### Which operation should you use in word problems?

I was asked just recently about word problems and WHAT operation to use in them.
Can you put a better explanation of when to use addition, subtraction, multiplication, and division, because my son is having a hard time understanding.

Many children have the same problem, and I have written about it in the past as well. In a nutshell, I feel the MAIN reason students have trouble is the way word problems are presented (or not presented) in math books.

Typically (and I still see this approach), when a lesson in a math book is on some operation, then the word problems in that lesson are typically solved using that particular operation. So, any intelligent kid who notices this pattern won't take time to decipher what the problem says, but will just take the two numbers that appear in the problem, and apply the operation that the lesson is about!

(For example, if the lesson is on subtraction, then the word problems are solved using subtraction.)

I have tried to AVOID this in my books from the start, and I think all other math curricula should follow suit, that whenever there are word problems to solve, that the operation or operations used to solve it SHOULD vary within the problem set.

Even in first grade addition, you can make two kinds of problems:

"Ann had seven marbles, and Mary had two. How many marbles do they have together?" SOLUTION: 7 + 2 = 9

OR

"Ann has seven marbles, but today she only found two. How many are missing?" SOLUTION: Think 2 + ___ = 7, or two and how many more makes seven?

So, starting in 1st grade, the word problems should never be such that they always involve the same operation. Then in 2nd grade, the word problems should proceed to easy 2-step problems.

When multiplication is introduced in 3rd grade, the word problems should be in two different ways so the child cannot automatically multiply the numbers in the problem, but has to think. For example:

Mary saw 12 duck legs. How many ducks were there?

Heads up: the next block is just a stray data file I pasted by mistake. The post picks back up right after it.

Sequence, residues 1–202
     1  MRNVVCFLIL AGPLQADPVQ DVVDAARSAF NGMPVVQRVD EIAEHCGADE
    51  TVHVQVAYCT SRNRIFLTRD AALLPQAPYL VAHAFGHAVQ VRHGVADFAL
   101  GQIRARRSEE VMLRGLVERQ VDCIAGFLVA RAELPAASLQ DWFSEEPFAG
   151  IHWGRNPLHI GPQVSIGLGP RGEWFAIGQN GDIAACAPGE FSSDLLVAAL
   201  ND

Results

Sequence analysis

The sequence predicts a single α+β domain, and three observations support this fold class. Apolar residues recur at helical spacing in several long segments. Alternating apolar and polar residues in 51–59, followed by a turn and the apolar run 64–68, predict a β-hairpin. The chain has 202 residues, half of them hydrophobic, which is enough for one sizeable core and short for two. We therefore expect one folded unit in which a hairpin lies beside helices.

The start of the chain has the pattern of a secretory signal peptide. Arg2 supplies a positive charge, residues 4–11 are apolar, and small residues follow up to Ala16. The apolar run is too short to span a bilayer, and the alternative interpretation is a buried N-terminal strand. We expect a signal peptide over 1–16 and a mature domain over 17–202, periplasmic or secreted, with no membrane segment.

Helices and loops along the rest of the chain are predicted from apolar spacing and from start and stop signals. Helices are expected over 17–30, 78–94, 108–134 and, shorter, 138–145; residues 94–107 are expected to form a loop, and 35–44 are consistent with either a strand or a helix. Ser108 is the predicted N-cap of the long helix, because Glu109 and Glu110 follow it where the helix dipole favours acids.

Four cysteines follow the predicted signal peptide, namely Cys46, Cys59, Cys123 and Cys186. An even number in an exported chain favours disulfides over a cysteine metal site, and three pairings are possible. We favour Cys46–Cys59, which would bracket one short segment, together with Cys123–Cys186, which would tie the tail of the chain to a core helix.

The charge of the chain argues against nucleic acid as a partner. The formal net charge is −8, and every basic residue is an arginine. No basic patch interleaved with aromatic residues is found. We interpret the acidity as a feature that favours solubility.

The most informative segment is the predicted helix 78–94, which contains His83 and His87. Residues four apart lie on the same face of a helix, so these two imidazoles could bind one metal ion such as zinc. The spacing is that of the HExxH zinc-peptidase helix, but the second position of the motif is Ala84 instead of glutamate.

OR

Grandma has 12 ducks, and each wore two blue ribbons. How many ribbons could you see when looking at all the ducks?

Now, recently I had an idea for help for all these elementary students that have trouble figuring out which operation to use. I THINK it might work fairly well, but I'd like to have your input on it.

Suppose we have a student in 3rd or 4th grade who can't do word problems. What if we used the word problems in Ray's Arithmetic with him/her, starting from the beginning?

Ray's is known to be full of word problems, starting from the simplest. It sort of uses word problems to teach arithmetic. It is an old book, and therefore it is available FREE online. See the links on the left for viewing it online or downloading.

See for example the word problems on page 26.

You can also purchase Ray's as printed books.

What do you think? Could Ray's get such students up to speed with word problems?

Denise said…
One thing I did with my older kids when they were little was to have them diagram the problem (using bar diagrams), but they didn't have to solve it. We went through a whole book of Singapore Math word problems that way, but Ray's would probably work as well. The main thing was to make them think about how the numbers were related, because (imo) that's the most important step in understanding a problem.

The kids felt like they were getting off easy, not having to do the calculations. I thought they were getting lots of practice on thinking skills. We were both happy!
Kris Murphy said…
Children do have problems with word problems, don't they?

Having been educated in Singapore and later in Canada, I was pleasantly surprised to learn that Singapore math is now very popular. When I checked the Singapore math textbooks out of curiosity, I realized that the Singapore bar diagram method really helps kids visualize the word problems.

Since then, I have become a fan of Singapore math. In fact, I am teaching my twins Singapore math and they absolutely love it.

The problem with Singapore math is that there are no websites providing free Singapore math questions. To remedy that, my wife, who is an accountant, and I decided to create a free educational website for parents, teacher and kids. Living in Singapore, we have access to lots of math textbooks and workbooks. Using them as our guide, we have created thousands of questions for you. They are crazy, mindboggling and fun. Here is an example of the kind of questions we have in our website:

We have worksheets for the other grades too. Try them. And may your kids grow up to love math!
gg said…
Maria I love your blog! Many of the principles of elementary school math show up on tests like the GRE and GMAT, which are exams to get into graduate school. Great explanations.
Anonymous said…
Would'nt it be easier to teach 7-2 = 5 rather than 5+ __ = 7

Charul Patel
Maria Miller said…
I feel children do need to learn to think of missing addition problems, such as 2+ ___ = 7. They can learn to SOLVE them using subtraction, of course (or addition, whichever is easier in a particular instance).

For example, if you have \$8 but you need \$15, it fits better if you think of it as \$8 + ___= \$15. It is a situation where you want more, you want to ADD some more dollars to your wallet. Also this ties in with algebra!